A few months ago a reader of this column sent me a photograph dating back to my Calendar days on Yorkshire Television with the words ‘nice shoulder pads’. It would have been quite amusing apart from the fact I had no shoulder pads in the outfit I was wearing. They were, in fact, my shoulders. I was never what you would describe as waif-like.
What was far worse to me now looking at that publicity shot from the late 1990s was the massive bubble perm and the dustbin lid earrings, though fortunately they seem to have gone unnoticed.
And I thought I was so smart, so newsreader-ish.
Over the years I received many letters, now like shoulder pads a thing of the past, commenting on my outfits.
I could sit next to my lovely on screen husbands, Richard, Mike and Harry and hardly a word would be said about their choice of garb, despite Richard’s infamous stripey jackets and outrageous ties often worn together (he once turned up by mistake in his dinner jacket trousers and no one said a thing), not to mention Harry’s unconventional and, dare I say it, rather loud choice of socks.
No matter how conservative I thought I was being, whatever I wore seemed to attract comment.
A dark jacket became too funereal. A bright jacket too garish. Trousers too manly, a skirt too sexy. Make-up too heavy, fresh-faced washed out.
I soon realised as a woman you were judged by what you wore not what you said. And you couldn’t please all of the people all of the time. So I chose to wear largely what I liked and stopped writing back about the quality of my interviews being more important than whether you liked my outfit. It was a waste of time and certainly a waste of energy.
But if I often broke the fashion rules – and I did – I had one rule and one rule alone. It was sacrosanct. News is serious and I vowed I would never look like I had interrupted a night out to present it. I thought of those at home watching often devastating details about themselves or those they loved and I tried to look respectful and serious, which meant no low-cut dresses, still a pet hate of mine for news presenters, and certainly no off-the-shoulder little numbers.
This of course leads me on to the backlash received by Batley & Spen MP Tracy Brabin who, quite rightly, has stood up to the outrageous and totally over-the-top trolling that saw her described as a tart, a slapper, a drunk and worse, all for wearing a little black dress, that revealed a shoulder in the House of Commons. It’s hardly the most daring fashion statement but was it appropriate? I think not. If, like a news presenter, you are called unexpectedly to make what you believe is an important point, as she was, what’s so wrong with hanging a jacket up in your office to cover all eventualities, including a shoulder?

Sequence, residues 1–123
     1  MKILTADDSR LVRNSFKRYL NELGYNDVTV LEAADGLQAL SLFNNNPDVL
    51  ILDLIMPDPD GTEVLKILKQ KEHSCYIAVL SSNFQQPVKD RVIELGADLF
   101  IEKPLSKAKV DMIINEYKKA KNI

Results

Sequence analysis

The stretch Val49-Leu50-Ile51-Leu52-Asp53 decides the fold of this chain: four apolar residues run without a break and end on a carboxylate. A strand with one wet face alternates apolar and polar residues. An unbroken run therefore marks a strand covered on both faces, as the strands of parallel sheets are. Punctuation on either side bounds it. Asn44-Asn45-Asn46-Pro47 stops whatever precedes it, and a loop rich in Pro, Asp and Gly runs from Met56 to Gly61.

To be business-like you have to dress as if you mean business.
Look, let’s get one thing straight. I would defend a woman’s right to wear exactly what she wants any time anywhere. But am I the only woman who admits they had to actually Google later what Ms Brabin was actually talking about, so enthralled was I about her garb and whether it would slip further? And that, I am afraid, is the problem for women the world over. It always was and it always will be. We are too often judged by what we wear, not who we are, or what we say. That’s not being sexist. It would be just as distracting if a male MP turned up in shorts and a singlet.
Let’s agree that Tracy Brabin wore a nice dress, so much so it been selling like hot cakes. It suited her. She looked great. But it put the emphasis on her attire rather than her message, just as Theresa May will be forever remembered for her kitten heels. It might not be right, it might not be just, but it will ever be so. We, and I include women in that, often judge first by our eyes and not by our ears.
Which brings me onto the red carpet glamour of the Oscars and the Baftas. I do love a good frock. Give me dresses I can never afford, let alone have a cat in hell’s chance of getting into. Not for nothing is Hollywood named Tinseltown. The more glitter, the more sparkle, the happier I am. And if that makes me shallow so be it. But don’t let’s pretend they are wearing them for the sake of saving the human race.
This year at the Baftas stars were asked to recycle dresses to save on their carbon footprint. That’s despite most of them flying across the Atlantic in first class. Renée Zellweger was the winner for me both for her outfit and her performance in Judy.
Although the Duchess of Cambridge came a pretty close second having dragged a fabulous gold embroidered Alexandra McQueen number from the back of her wardrobe even though, shock horror, she had once worn it in 2012. Of course she did. It’s a nice frock and must have cost a fortune. Especially when wearing thousand of pounds’ worth of jewellery from Van Vleef and Arpels.
It was hardly an ‘oh this old thing’ moment. And since when does recycling dresses mean anything other than wearing the same dress twice? Who in the real world thinks ‘I have worn that, time to throw it in the bin’. No one other than Hollywood actresses, who, let’s face it, are often given or even paid to wear such and such designer’s creations. But then this isn’t the real world.
Being an MP is. And whether we like it or not, I am reminded of something my mother always said, there is a time a place for everything. Or to use another of her sayings that always stood me in good stead, ‘Christa, this is not a fashion parade’.